MON 20:00 Saints and Sinners: Britain's Millennium of Monasteries (b052zxhm)
Episode 1

Dr Janina Ramirez explores how monasteries evolved from a cult of extreme isolation and self-deprivation into powerhouses of Anglo-Saxon art, industry and learning.

Janina begins her journey on the desolate rock of Skellig St Michael off the east coast of Ireland, home to the oldest surviving monastery in the British Isles. She investigates the harsh lives led by these early monks, and tells the story of the arrival of hermetic Irish monasticism in Anglo-Saxon Northumberland. Monasteries such as Lindisfarne and Whitby became beacons of civilisation and literature in the barbaric Anglo-Saxon world, creating wondrous works of art including the Lindisfarne Gospels and St Cuthbert's pectoral cross.

A rival form of regimented, communal monasticism was imported into southern Britain from Rome, and Janina reveals the holy struggle that ensued between these two opposing monastic ideals. The victors would transform the culture and landscape of England, until they too were destroyed by a new wave of barbarian invaders.


MON 21:00 Treasures of the Indus (b06bblwb)
Of Gods and Men

In a journey across the southern Indian state of Tamil Nadu, Sona Datta traces the development of the Hindu religion from its origins as an amalgamation of local faith traditions to its dominant position today. She uncovers this fascinating tale by looking at the buildings in which the faith evolved, moving from the caves and rock temples on the shores of the Bay of Bengal at Mahabalipurem, through the monolithic stone temple at Tanjavur to the vast complex of ornately carved towers, tanks and courtyards at Madurai, where every evening the god Shiva processes around the precincts to visit the bedchamber of his partner Parvati.


MON 22:00 Mumbai High: The Musical (p02z82jn)
A dizzying and unique musical extravaganza. Set in a school in Dharavi, Mumbai - the biggest slum in Asia - it combines observational footage of the children's daily lives, with songs reflecting their hopes and dreams.

Fourteen-year-old Mary lives with her parents and two sisters on the pavement of a busy road. They have a rudimentary shelter and they all sleep on the floor, sometimes with rats running over them. Mary and the other characters have their dreams and ambitions and believe they can achieve them through education. They are clever, bright, motivated and they sing!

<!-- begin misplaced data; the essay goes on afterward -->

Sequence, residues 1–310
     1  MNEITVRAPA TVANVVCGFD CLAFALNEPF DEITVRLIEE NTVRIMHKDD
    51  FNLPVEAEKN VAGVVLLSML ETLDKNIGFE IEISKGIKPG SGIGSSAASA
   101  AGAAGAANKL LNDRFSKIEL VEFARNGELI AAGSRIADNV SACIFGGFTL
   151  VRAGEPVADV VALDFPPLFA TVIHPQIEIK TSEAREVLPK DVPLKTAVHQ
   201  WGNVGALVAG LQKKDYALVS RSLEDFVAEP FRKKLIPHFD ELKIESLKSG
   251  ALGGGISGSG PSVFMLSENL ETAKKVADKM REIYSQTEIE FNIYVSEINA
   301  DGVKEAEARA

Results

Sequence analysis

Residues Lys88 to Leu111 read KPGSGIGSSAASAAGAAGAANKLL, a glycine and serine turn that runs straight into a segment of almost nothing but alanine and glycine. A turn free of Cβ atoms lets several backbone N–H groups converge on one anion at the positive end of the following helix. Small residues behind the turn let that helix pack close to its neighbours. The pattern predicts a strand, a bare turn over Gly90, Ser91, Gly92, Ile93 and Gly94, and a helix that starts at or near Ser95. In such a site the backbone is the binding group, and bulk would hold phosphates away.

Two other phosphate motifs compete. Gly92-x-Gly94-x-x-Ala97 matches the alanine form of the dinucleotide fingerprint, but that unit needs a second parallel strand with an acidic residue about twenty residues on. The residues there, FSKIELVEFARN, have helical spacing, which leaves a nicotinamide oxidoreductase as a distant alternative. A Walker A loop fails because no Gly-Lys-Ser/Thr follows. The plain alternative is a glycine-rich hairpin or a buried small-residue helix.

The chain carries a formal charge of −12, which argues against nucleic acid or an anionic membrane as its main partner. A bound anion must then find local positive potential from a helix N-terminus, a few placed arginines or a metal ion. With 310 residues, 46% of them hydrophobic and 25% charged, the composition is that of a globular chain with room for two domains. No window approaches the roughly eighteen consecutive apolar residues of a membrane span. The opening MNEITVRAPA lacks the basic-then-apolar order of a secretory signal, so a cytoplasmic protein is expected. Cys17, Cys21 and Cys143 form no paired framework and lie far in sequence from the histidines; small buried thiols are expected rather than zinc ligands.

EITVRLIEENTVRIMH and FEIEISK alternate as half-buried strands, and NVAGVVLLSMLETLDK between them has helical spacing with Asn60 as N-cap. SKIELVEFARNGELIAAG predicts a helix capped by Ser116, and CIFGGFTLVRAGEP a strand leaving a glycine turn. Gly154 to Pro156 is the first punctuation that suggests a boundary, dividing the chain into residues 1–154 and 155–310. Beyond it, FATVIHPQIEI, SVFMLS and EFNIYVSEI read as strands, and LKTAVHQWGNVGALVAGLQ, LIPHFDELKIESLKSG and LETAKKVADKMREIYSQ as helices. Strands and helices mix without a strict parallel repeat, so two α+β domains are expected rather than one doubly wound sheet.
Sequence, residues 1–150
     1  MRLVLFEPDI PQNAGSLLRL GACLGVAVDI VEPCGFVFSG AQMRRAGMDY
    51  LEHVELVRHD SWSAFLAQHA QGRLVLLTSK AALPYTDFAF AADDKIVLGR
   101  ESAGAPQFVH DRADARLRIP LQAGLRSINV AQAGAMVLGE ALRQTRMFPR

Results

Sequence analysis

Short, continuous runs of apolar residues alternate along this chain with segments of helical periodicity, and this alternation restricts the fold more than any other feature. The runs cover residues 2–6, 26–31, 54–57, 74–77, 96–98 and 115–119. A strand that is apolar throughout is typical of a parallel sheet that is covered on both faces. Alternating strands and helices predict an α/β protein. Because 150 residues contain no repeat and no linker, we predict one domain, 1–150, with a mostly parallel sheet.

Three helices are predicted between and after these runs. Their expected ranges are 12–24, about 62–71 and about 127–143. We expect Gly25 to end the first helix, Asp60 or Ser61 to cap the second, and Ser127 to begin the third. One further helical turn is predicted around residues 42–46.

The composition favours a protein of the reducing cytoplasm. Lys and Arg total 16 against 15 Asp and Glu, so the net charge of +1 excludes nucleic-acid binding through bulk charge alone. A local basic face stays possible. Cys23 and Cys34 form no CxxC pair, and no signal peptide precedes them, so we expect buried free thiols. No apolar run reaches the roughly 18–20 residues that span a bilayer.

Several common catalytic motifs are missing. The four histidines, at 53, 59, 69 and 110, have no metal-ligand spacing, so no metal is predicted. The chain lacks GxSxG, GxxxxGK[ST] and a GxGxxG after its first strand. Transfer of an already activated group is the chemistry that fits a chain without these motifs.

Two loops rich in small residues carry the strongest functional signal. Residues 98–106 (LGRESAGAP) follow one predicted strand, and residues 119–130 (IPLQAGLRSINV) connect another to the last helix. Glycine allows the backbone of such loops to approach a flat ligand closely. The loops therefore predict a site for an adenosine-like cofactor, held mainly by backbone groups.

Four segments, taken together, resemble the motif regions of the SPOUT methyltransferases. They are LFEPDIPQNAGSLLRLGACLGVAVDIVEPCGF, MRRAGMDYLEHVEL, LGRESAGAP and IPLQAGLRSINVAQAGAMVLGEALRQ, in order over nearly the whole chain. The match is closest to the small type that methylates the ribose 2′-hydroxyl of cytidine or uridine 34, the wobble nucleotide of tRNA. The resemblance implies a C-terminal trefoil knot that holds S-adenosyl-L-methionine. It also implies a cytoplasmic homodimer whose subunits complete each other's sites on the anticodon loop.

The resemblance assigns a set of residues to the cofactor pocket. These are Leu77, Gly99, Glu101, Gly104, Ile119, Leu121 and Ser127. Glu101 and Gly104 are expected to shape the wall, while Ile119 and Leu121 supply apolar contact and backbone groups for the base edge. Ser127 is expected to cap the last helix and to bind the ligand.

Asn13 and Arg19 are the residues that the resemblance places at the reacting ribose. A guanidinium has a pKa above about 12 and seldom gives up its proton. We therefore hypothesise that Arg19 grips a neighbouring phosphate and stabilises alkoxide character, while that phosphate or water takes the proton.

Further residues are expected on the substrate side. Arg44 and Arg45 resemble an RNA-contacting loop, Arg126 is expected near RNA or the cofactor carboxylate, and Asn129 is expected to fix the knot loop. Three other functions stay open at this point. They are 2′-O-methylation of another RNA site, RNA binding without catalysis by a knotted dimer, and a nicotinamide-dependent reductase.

This is no ordinary documentary, this is the very first Bollywood-style documentary musical. Mixed in with the traditional observational footage of the school are specially composed and choreographed song and dance numbers which the children (and teachers!) perform with incredible skill and charm.

No film has ever been made like this, it's a perfect way to capture the unbreakable optimism and exuberance of youth. But this is not a depressing examination of extreme poverty, it's an uplifting celebration of human spirit and endeavour, and it sets out to tell a wider tale of India.


MON 23:00 Archaeology: A Secret History (p0109k28)
The Search for Civilisation

Archaeologist Richard Miles shows how discoveries in the 18th and 19th centuries overturned ideas of when and where civilisation began as empires competed to literally 'own' the past.


MON 00:00 This World (b01pfvns)
Cuba with Simon Reeve

Adventurer and journalist Simon Reeve heads to Cuba to find a communist country in the middle of a capitalist revolution. Two years ago Cuba announced the most sweeping and radical economic reforms the country has seen in decades. From ending state rationing to cutting one million public-sector jobs, one of the last communist bastions in the world has begun rolling back the state on an unprecedented scale. Simon Reeve meets ordinary Cubans whose lives are being transformed, from the owners of fledgling businesses to the newly rich estate agents selling properties worth up to £750,000.

In this documentary for the BBC's award-winning This World strand, Simon gets under the skin of a colourful and vibrant country famous for its hospitality and humour and asks if this new economic openness could lead to political liberalisation in a totalitarian country with a poor human rights record. Will Cuba be able to maintain the positive aspects of its long isolation under socialism - low crime, top-notch education and one of the best health systems in the world - while embracing what certainly looks like capitalism? Is this the last chance to see Cuba before it becomes just like any other country?